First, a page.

I am a human being who habitually ignores my family’s pleas to please just “shhhh” about all the injustices in the world that bother me, hurt me, make me angry. I’ve never known how to keep quiet until now. I never want to know this again.

I am a concerned citizen working on a project to fight harassment who, after more than two years, stepped back to take a break from the incessant cultural bureaucracy that obstructs the development of something that seems so reasonable. The irony does not escape me.

Nor does the irony of keeping quiet when I’ve spent these more-than-two-years asking, encouraging, begging women to speak up speak out speak now about harassment. It is the first and most important step in recognising, addressing, and fixing what is most definitely broke. Without knowledge, no society can do anything towards correcting a problem. And a society, ultimately, is the sum of its people.

So the question must be asked. I must ask the question. Do we, as a society, as this society, really and truly care about protecting women? If we do, we are bad at manifesting it. If we don’t, shame on us. Every citizen, resident, short-term traveller is complicit in every crime we tolerate, ignore, deny exists … just as every government is complicit in every crime it does not punish.

I have since reported my assault to an authority, thanks to the encouragement and support of my friends. Why didn’t I the same night it happened? Why was going to yoga literally the only thing I could think of doing 15 minutes after it happened? Because I didn’t believe then – just as I don’t believe now – that there is a cohesive body of caring, proactive protectors in this country. And I find it incomprehensible that the efforts of the few individuals who do care and take action are allowed to be diluted down to nothing by those that would rather condemn the victim than find and punish the perpetrator.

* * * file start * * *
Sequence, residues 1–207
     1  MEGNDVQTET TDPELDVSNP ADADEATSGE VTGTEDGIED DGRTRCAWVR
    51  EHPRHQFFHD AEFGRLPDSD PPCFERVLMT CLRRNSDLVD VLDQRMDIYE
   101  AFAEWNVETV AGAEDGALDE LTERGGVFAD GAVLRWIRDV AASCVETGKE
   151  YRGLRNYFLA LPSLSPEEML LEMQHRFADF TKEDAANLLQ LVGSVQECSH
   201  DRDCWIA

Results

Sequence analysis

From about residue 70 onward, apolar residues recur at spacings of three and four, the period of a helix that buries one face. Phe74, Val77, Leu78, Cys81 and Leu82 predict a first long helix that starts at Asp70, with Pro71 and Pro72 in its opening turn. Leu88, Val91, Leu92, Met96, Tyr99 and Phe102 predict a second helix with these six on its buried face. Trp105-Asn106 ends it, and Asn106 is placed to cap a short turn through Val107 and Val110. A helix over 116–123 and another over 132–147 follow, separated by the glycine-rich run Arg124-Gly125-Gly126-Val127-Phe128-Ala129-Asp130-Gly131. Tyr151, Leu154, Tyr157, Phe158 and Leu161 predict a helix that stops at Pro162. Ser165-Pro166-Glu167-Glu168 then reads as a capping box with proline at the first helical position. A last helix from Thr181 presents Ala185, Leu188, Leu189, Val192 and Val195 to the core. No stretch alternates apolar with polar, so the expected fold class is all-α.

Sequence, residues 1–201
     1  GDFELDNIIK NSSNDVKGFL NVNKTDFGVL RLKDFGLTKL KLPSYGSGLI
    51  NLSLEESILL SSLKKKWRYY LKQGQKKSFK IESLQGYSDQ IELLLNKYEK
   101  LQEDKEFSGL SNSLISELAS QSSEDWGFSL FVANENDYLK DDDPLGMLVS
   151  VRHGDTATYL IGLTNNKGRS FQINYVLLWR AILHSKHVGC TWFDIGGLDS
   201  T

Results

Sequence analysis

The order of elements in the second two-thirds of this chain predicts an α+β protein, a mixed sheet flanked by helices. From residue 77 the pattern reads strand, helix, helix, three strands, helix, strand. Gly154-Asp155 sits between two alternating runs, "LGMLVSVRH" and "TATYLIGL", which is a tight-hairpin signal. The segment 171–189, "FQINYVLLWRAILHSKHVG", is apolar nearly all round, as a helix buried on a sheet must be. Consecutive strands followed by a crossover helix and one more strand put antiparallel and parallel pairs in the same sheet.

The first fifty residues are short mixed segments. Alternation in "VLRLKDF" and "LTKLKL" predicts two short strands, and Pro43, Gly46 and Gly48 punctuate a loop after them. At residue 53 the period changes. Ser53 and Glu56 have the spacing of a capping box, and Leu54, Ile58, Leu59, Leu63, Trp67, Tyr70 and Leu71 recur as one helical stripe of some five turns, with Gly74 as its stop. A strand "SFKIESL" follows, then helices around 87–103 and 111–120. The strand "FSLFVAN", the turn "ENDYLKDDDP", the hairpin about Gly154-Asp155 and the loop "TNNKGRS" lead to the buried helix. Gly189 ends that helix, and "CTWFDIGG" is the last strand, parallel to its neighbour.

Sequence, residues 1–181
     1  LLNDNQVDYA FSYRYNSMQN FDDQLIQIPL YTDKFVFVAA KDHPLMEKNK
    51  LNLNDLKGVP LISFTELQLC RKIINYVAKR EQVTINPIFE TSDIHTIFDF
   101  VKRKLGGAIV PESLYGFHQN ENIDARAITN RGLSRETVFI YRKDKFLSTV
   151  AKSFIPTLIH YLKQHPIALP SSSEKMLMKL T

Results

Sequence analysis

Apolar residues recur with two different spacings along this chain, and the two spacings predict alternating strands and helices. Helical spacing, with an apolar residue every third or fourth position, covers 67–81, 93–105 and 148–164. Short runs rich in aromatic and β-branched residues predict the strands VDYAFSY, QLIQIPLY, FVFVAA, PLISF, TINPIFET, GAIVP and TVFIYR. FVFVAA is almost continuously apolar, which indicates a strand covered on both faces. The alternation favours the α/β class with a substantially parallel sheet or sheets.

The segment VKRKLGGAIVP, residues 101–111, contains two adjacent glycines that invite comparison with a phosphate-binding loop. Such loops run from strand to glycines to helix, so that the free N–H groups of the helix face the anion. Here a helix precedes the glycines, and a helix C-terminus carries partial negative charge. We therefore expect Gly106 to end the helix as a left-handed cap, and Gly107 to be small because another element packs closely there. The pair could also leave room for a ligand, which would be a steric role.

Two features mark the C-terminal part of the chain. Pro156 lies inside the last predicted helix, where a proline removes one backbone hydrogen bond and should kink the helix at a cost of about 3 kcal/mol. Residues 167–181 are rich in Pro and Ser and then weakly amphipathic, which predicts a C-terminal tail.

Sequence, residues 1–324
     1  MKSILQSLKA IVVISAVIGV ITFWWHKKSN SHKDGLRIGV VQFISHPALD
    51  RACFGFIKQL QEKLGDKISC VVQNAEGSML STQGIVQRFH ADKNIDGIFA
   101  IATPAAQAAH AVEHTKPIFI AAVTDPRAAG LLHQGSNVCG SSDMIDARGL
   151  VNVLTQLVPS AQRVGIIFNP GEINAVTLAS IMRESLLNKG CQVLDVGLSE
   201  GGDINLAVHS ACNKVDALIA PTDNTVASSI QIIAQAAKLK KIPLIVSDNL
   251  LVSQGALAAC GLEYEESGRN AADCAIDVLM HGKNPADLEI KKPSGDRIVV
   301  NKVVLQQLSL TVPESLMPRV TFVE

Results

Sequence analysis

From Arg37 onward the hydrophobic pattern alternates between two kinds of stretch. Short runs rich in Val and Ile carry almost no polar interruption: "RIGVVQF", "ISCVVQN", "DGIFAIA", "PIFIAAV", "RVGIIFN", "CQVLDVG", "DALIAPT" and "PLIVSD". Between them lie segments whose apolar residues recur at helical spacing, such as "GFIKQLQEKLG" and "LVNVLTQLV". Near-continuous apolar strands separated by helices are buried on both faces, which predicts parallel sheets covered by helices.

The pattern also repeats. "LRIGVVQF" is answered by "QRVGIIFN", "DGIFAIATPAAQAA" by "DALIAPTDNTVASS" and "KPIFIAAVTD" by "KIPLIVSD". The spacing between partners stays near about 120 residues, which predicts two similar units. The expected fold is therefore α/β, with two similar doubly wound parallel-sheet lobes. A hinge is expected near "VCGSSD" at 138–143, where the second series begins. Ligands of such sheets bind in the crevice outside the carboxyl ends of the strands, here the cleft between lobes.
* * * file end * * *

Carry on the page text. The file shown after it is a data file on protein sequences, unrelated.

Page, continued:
And even so, a few proactive individuals, though better than none, are not enough to change the fact that most women in Jordan and in the region would rather remain silent about harassment rather than risk being blamed for inciting it, feeling shamed into believing they could have prevented it, or sacrificing their freedom of movement. It sounds as obscene to me now as it did to me in May 2008 when I began what has become objecDEFY Harassment. The problem with not having anyone to count on to protect us, other than the obvious, is that the behaviour it perpetuates is destructive; being quiet or being reactive does none of us any good.

Either way – all of us are in danger. Women for obvious reasons that lead to our exclusion from holistically participating in our society. Men because they nurture destructive behaviour, and then must intimately interact with women who are scared and angry. Society as a whole because no society can evolve in positive ways without the participation of all of its members.

We need reliable, enforceable and – most importantly – enforced laws that act as deterrents and punishment for harassment and assault that transcend cultural mores and protect women rather than victimize them. At the very least, our reactions should not be deemed more heinous  than the crimes committed against us.

My ass is still sore, but I’m happy to be moving it towards a healthier way of being in the world. A world that can only become safer if we make it so. All we all need to do is to take a first step. Together. We’re right here: www.objecdefy.com.

[Editor’s note: A slightly different version of this story first appeared on www.sawtalniswa.com. Final paragraph was edited slightly to include the author’s project website.]